, , , ,

Sometimes I feel like a kettle.

Not just any kettle, but one of those old ones. The ones that sit on the hob and make a loud whistling noise when the water’s hot enough for a cup of tea.

Yesterday was a typical Kettle Day.

I have to describe it like that, as it’s the only way I can think of what happened last night without getting upset. It wasn’t funny at the time.

I was tired, my daughter was tired, we were both tired.

Having been up for work since 3.30am and only having my usual 5/6 hours sleep, I wasn’t in the best frame of mind to deal with the hugest tantrum known to man. This tantrum lasted from 4pm until 5.40pm.

And when I say tantrum, I’m talking the works.

Not just screams and the constant pull on my shirt with, “Mummy, mummy, MUUUMMMY!” as I tried to dish up a hot supper. But the throwing of said dinner across the room with shrieks of “YOGHURT! NOW!”

I didn’t recognise my gorgeous child. Tiredness had taken her and replaced her with something else.

Her face was red, angry. The screams were so loud I could see people outside on the pavement walking past our dining room and looking round, trying to work out where the noise was coming from.

I stayed calm. On the surface. Expecting my husband through the door any minute I took the food away and began to run a bath.

Still with an angry, screaming child hanging off me, trying to ignore my constantly bleeping phone telling me yet more emails were waiting to be dealt with, I took a deep breath.

Still no husband.

With the bath ready, I attempted to strip off my daughter and sing her a song to distract from the noise coming out of her mouth. As I took off her t’shirt she launched herself at me. Hitting, scratching, shouting, “NO MUMMY! NO MUMMY! NO MUMMY!”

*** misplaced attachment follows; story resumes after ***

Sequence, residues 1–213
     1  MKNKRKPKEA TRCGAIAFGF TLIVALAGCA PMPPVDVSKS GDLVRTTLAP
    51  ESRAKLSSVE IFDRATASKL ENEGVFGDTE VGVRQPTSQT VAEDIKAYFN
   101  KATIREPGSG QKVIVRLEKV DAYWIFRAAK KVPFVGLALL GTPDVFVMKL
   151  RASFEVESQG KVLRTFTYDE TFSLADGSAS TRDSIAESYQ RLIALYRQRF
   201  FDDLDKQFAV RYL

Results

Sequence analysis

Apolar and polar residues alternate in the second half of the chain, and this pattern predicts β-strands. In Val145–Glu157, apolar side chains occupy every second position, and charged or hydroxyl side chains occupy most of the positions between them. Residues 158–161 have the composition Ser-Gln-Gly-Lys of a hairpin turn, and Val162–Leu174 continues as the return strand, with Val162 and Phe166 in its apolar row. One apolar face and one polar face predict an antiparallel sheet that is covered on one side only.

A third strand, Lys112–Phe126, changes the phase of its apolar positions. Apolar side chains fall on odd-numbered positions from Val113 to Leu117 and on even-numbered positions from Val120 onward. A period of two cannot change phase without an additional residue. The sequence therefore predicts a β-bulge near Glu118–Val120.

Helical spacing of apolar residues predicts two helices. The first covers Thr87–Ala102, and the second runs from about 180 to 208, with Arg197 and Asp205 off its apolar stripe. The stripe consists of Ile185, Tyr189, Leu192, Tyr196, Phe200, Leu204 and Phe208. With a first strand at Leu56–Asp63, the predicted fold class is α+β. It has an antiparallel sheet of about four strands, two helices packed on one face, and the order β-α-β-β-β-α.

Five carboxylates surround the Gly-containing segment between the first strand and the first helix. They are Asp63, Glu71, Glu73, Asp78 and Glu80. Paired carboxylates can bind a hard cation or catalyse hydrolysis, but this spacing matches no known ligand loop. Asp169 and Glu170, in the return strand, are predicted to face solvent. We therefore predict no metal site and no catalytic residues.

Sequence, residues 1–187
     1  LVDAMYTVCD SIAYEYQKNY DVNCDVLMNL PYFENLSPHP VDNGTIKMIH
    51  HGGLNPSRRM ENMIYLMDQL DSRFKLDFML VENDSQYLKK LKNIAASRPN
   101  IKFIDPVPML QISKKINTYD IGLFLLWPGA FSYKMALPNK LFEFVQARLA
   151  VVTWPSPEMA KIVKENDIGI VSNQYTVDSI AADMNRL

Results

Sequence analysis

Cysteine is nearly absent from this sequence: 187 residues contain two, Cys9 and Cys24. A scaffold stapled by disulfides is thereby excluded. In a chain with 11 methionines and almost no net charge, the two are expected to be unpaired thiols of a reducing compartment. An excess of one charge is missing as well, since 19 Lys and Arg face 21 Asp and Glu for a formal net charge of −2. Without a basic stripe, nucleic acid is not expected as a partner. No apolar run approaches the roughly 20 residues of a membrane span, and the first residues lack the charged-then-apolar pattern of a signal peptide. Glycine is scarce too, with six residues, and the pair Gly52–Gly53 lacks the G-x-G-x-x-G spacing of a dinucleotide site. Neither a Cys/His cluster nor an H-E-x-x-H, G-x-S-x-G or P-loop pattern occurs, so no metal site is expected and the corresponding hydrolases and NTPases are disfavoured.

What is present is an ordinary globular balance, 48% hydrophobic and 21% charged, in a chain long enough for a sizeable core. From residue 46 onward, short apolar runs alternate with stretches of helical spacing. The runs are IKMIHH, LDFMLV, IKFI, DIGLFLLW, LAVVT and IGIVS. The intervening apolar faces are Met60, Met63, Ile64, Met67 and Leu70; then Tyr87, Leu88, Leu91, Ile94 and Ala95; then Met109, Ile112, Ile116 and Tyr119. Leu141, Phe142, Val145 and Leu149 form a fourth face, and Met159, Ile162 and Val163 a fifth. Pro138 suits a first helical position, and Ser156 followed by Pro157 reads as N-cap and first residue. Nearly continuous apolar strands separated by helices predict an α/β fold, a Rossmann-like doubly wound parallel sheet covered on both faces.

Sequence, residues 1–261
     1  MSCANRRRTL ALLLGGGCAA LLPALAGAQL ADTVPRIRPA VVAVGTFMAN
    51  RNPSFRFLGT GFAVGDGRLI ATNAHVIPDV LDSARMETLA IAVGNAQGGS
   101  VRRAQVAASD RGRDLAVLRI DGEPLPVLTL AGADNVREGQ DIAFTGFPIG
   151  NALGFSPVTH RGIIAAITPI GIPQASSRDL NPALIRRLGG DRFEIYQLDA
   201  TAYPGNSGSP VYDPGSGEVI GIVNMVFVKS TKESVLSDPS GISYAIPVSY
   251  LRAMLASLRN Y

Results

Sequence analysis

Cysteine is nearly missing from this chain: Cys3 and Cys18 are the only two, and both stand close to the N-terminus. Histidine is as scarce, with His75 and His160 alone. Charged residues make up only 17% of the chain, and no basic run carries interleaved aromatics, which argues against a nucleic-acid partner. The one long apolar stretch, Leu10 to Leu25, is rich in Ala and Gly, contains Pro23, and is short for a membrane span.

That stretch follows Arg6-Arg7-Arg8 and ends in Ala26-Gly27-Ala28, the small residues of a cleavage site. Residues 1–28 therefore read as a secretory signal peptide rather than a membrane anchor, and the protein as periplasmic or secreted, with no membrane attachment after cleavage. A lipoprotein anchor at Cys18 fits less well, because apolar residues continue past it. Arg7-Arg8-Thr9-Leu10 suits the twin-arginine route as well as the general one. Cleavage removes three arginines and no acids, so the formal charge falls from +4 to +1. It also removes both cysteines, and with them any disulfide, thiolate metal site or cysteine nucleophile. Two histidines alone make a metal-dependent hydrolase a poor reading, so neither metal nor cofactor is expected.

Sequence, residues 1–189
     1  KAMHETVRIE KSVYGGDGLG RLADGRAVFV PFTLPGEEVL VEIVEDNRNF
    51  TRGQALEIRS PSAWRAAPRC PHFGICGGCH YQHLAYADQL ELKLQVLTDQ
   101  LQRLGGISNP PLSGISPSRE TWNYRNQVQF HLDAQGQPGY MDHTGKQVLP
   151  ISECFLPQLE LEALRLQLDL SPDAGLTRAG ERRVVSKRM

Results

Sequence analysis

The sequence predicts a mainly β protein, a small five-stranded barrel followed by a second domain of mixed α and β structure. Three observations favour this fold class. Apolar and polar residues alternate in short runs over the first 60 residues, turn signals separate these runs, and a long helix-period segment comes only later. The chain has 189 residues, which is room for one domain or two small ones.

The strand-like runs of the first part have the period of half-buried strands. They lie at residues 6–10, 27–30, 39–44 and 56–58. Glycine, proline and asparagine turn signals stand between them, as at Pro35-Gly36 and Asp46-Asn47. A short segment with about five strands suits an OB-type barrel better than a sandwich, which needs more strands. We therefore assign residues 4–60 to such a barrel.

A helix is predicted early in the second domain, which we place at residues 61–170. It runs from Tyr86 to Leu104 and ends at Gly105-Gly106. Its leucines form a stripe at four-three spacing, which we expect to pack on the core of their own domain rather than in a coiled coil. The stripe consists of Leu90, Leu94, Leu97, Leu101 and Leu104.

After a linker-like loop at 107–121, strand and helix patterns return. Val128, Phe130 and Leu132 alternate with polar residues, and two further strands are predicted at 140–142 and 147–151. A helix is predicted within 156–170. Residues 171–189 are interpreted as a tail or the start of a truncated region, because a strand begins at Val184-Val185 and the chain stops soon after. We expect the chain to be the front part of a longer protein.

Remember that kettle? It’s getting hotter and hotter.

Still no husband.

Resigned to doing bathtime by myself, I tackled the gravy in my daughter’s hair, while she lunged at my face and cried and cried and cried. Still the phone is bleeping.

I can feel myself getting smaller and smaller. The kettle is starting to whistle.

I sing to my distraught and angry toddler as I dry her hair and retrieve her pyjamas. And as I attempt to get a nappy on her, the kettle shrieks.

My husband is still not home. At this particular moment, on this particular day, as I battle my early start and constant work deadlines, bleeping phone and angry angry angry child, this feels like the end of the world.

The task of getting a nappy on my little girl rises before me like a huge mountain. It’s a battle that can’t be won.

And I lose it.

I shout, “STOP” over and over again as my daughter throws herself at me. Biting and pinching and scratching.

The phone bleeps.

And I see myself. On the floor of my toddler’s room. Exhausted. Broken. Shouting.

And I hate myself.

And I cry. Great, heaving sobs.

And I throw the nappy to the other side of the room and just sit there, looking at my daughter in between the tears, while she looks back at me.

Tears coursing down our faces. Drained.

And at that moment, my daughter shuffles over to me and puts her arms around me. She’s not crying any more. She just kisses my cheek and strokes my arm.

The nappy goes on. We read a story together. We sing Twinkle Twinkle Little Star and bedtime is over, just like that.

No fuss. No getting out of bed. No calling, “Mummy, mummy, mummy”. Just peace.

So, just as my husband walks through the door, I slump.

Feeling like I’ve failed at motherhood today and been beaten by work, I take myself to bed at 6pm.

The phone bleeps.

And I fall asleep.